Blog Archive: 2009

Mathematical and Musical Adventures

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The next talk in the Bay Area Mathematical Adventures series is this Friday. Robert Bryant, the current director of MSRI, will speak on “Rolling and Tumbling—The idea of Holonomy.” It sounds like a fun talk; he’ll illustrate his talk with “everyday and some not-so-everyday toys.”

I’ve posted the slides from my Bay Area Mathematical Adventures talk last month on From Photographs to Models: The Mathematics of Image-Based Modeling. I blogged about that experience here. I had hoped to post a link to the video at the same time, but it isn’t ready yet. I never feel that a talk is fully captured from just the slides, especially one that was designed to be interactive. I will post a link to the video once it is up.

I’d be tempted to go to Bryant’s talk except that I’m singing that night. Two FXPAL folks, Bill van Melle and I, sing in the 40 voice Bay Choral Guild. We have concerts Fri, Sat, and Sun at various Bay Area locations. Come if you are in the area and would enjoy a concert of festive Baroque choral works performed by our excellent group together with an outstanding group of soloists and musicians!

Search and/or geometry challenge!

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Some friends of mine believe that “search” has been solved. They explain that they can almost always find what they are looking for, and quickly, using keyword search. My life is much more frustrating! There are all sorts of things I look for and can’t find. An additional source of frustration is that I don’t know when to give up, when to conclude that what I’m looking for isn’t there.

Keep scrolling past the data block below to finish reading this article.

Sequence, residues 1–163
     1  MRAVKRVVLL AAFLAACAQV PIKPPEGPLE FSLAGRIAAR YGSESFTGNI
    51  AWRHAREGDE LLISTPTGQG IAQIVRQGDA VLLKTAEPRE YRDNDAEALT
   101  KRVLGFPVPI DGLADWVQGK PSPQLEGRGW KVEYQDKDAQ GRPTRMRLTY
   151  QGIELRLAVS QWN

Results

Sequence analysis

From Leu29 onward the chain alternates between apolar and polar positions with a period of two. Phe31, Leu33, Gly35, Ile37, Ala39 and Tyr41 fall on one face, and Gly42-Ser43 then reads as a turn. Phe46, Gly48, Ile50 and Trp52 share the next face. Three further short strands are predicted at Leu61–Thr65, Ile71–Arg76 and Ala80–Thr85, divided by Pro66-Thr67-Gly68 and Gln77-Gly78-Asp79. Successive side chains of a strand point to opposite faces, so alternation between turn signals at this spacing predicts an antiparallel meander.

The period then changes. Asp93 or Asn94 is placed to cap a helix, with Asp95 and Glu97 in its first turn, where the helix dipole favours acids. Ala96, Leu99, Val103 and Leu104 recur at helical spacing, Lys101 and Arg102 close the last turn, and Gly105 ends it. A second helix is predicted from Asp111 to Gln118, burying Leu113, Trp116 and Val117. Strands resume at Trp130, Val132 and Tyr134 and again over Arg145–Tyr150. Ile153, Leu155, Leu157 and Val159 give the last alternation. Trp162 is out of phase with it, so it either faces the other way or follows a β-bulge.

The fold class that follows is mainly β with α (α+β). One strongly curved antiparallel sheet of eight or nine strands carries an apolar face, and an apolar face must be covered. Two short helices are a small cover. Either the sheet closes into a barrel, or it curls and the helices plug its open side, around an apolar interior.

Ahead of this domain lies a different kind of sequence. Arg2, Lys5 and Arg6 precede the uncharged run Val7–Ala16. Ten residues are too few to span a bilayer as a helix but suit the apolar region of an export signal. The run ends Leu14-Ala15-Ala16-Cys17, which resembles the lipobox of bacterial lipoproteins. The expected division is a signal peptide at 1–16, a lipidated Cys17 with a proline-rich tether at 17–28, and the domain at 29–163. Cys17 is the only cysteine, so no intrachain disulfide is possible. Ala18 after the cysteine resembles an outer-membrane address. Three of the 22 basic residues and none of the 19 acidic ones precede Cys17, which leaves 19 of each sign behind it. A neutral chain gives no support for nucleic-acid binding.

Recently I had this experience with a question I thought would make a good blog challenge:

Does there exist a polyhedron such that all of its faces are nonconvex?

If you can think up a proof or example, please post your answer in the comments section, but with “Spoiler alert:” at its start. If you find an answer through a web search, give us the URL and tell us your search strategy. A URL pointing to discussion of this exact question would also be acceptable, even if the discussion doesn’t provide an answer.

I’d like to give a prize, and thought about various prizes (a Tcho chocolate bar? treating the winner to coffee? …) but decided in true blog spirit to ask for suggestions for an appropriate prize.

P.S. I thought about defining¬† terms such as “polyhedron” and “nonconvex” here.¬† But since this is a search and/or geometry challenge, any readers who do not know the meaning of these 3D geometry terms can still participate. I would be particularly delighted if someone who did not understand the question initially was able to find a solution.

Update: An answer has been found. Congratulations, Francine. However I realize I mixed up two searches, and this one isn’t as hard as I thought I remembered.